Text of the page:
Thanks to superior human activity, wildlife on land is almost extinct and the next in line is the marine life, mainly fish and the time period researchers have set is just 100 years.
A consortium of researchers said wildlife in the oceans is as healthy as it was on the land hundreds of thousands of years ago but it may change in the next 100 years due to some major challenges to marine life.
“A lot has changed in the last 200 years. Our tackle box has industrialised,” said lead author Douglas McCauley, professor at University of California – Santa Barbara. The main culprits will be the factory farms in the sea and cattle-ranch-style feed lots for tuna.
“Stakes for seafloor mining claims are being pursued with gold-rush-like fervour and 300-ton ocean mining machines and 750-foot fishing boats are now rolling off the assembly line to do this work,” said co-author Steve Palumbi from Stanford University.
The researchers attribute it to the increasing industrial use of the oceans and the globalisation of ocean exploitation that will damage the aquatic life and hit the health of marine wildlife, making the situation in the oceans as grim as that on land.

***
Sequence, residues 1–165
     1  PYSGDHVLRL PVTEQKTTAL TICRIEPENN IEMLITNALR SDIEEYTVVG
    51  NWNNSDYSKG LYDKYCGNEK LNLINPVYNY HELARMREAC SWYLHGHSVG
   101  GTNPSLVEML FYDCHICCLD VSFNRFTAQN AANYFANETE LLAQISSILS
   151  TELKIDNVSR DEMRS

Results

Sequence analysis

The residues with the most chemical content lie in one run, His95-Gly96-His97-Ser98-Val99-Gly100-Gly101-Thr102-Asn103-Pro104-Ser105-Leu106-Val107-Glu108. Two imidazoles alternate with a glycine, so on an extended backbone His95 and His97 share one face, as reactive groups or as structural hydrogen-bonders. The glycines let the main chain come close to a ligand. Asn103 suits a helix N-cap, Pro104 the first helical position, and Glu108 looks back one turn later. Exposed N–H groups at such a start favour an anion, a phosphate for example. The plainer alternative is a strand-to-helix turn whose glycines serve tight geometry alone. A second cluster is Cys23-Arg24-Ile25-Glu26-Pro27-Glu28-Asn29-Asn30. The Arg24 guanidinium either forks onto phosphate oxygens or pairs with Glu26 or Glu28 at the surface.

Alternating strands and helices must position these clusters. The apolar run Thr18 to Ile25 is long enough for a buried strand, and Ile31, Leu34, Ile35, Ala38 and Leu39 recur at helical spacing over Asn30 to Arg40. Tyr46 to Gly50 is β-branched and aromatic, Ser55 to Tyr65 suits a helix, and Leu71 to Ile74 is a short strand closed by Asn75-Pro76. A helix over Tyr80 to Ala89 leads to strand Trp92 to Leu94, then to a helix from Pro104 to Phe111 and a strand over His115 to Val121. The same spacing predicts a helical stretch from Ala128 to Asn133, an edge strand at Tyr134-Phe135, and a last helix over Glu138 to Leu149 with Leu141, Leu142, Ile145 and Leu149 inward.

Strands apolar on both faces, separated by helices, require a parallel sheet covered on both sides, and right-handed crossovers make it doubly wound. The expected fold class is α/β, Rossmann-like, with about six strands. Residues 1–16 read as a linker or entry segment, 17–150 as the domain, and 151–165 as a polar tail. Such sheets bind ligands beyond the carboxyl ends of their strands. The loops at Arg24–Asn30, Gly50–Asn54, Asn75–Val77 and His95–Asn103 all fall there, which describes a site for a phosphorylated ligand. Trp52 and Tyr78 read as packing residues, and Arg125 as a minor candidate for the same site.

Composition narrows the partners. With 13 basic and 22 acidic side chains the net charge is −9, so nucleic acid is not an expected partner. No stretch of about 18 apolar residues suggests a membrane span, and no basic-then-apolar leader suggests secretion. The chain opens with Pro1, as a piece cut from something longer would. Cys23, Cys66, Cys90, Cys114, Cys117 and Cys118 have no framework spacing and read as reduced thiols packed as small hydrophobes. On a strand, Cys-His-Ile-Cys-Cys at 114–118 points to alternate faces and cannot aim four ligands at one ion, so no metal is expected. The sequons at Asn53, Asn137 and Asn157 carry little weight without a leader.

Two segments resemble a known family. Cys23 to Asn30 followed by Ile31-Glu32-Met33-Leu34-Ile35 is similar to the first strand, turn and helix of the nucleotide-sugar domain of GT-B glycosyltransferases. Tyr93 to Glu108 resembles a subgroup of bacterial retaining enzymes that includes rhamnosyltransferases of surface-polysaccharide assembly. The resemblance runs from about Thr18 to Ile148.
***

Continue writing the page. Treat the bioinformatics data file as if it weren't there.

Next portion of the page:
McCauley also points out, “We now fish with helicopters, satellite-guided super trawlers and long lines that can stretch from New York to Philadelphia.”
“All signs indicate that we may be initiating a marine industrial revolution. We are setting ourselves up in the oceans to replay the process of wildlife Armageddon that we engineered on land,” he warned.
Apart from humans, the next serious threat to ocean wildlife is climate change, which, according to the scientists, is degrading marine wildlife habitats and has a greater impact on these animals than it does on terrestrial fauna. The findings have been published in the journal Science.